Canadian Carbon Monoxide Foundation Responds to East Coast CO Deaths
The Hawkins-Gignac Foundation for Carbon Monoxide Education is reinforcing public safety messages provided by local officials in Nova Scotia and New Brunswick about staying safe from the “silent killer” following the very recent fatalities in both provinces related to carbon monoxide poisoning.
“Sadly, carbon monoxide has taken another four Canadians,” says John Gignac, Executive Director of the Ontario-based Foundation. “Whether threats from Mother Nature such as ice storms, or everyday living, a working carbon monoxide alarm that is within its recommended lifespan is the only safe way to detect dangerous levels of this deadly gas in your home. Without one, there is no way to know if your family is at risk.”
Gignac is an advocate for a universal standard in Canada which makes CO alarms mandatory for every household that has potential CO sources, regardless of the age of a home. Currently only Ontario and the Yukon have broad legislation in place. He has visited the East Coast on a number of occasions to talk to life safety officials and government reps about similar provincial legislation.
Carbon monoxide (CO) is called the “silent killer” because you can’t see, smell or taste it. It is the leading cause of accidental poisoning deaths in North America. Each year it proves fatal for dozens of Canadians, and, makes many more thousands sick with what they think is the flu.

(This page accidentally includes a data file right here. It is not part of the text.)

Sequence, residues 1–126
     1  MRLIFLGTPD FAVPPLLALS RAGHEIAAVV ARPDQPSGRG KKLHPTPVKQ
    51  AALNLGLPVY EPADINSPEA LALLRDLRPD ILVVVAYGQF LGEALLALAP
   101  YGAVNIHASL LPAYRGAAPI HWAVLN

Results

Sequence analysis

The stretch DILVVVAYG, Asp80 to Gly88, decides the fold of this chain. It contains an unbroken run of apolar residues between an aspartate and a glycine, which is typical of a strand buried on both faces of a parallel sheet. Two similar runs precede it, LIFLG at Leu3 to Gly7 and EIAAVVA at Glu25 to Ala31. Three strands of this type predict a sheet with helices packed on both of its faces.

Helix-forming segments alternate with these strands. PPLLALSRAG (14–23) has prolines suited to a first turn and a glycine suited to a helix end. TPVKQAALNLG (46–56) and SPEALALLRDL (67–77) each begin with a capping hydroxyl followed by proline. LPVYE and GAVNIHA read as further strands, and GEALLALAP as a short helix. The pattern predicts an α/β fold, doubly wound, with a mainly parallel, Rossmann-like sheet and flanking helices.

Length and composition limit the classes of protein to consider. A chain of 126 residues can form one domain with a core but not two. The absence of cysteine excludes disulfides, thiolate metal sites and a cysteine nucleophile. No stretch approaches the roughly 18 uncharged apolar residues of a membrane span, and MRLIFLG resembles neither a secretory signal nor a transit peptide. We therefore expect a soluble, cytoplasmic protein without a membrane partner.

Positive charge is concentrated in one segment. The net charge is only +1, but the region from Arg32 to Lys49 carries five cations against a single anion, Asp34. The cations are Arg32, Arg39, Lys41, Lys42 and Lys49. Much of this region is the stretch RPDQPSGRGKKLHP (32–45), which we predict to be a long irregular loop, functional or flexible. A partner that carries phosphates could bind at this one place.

“Even when it doesn’t kill, once carbon monoxide enters your blood, it can have a cumulative affect and have dangerous long term consequences,” adds Gignac.
The Hawkins-Gignac Foundation provides these precautions:
-Heating systems or appliances that use gas, oil, wood, coal or any other kind of fossil-fuel (alone or in combination) produce carbon monoxide during combustion. Sources of CO can include a furnace, water heater, wood stove, wood or gas fireplace, oven and automotive exhaust. Have everything inspected annually including flues and vents and keep vents to the outside clear of snow, ice and debris.
-The ONLY safe way to detect carbon monoxide is an approved carbon monoxide alarm.
-Like smoke alarms, CO alarms do not last forever. Lifespans range from 7-10 years depending on the manufacturer.
-Exposure to carbon monoxide mimics the flu and reduces your ability to think clearly. Never delay if your CO alarm goes off or you sense there’s a problem. Evacuate at once and call 911. Do not open windows and doors before emergency crews arrive.
“I join provincial premiers and fire officials in urging all East Coast residents to install CO alarms outside all sleeping areas. Also check existing CO alarms to ensure they are in working order and not past their expiry date. Having CO alarms is cheap insurance to help prevent a tragedy in your home,” says Gignac.
The Hawkins-Gignac Foundation was established to honor the memory of the victims of one of the worst CO incidents in Canadian history. John Gignac’s niece Laurie Hawkins, her husband Richard and their two children Cassandra and Jordan all died from CO poisoning in December 2008. A blocked chimney vent forced carbon monoxide from their gas fireplace back into their home.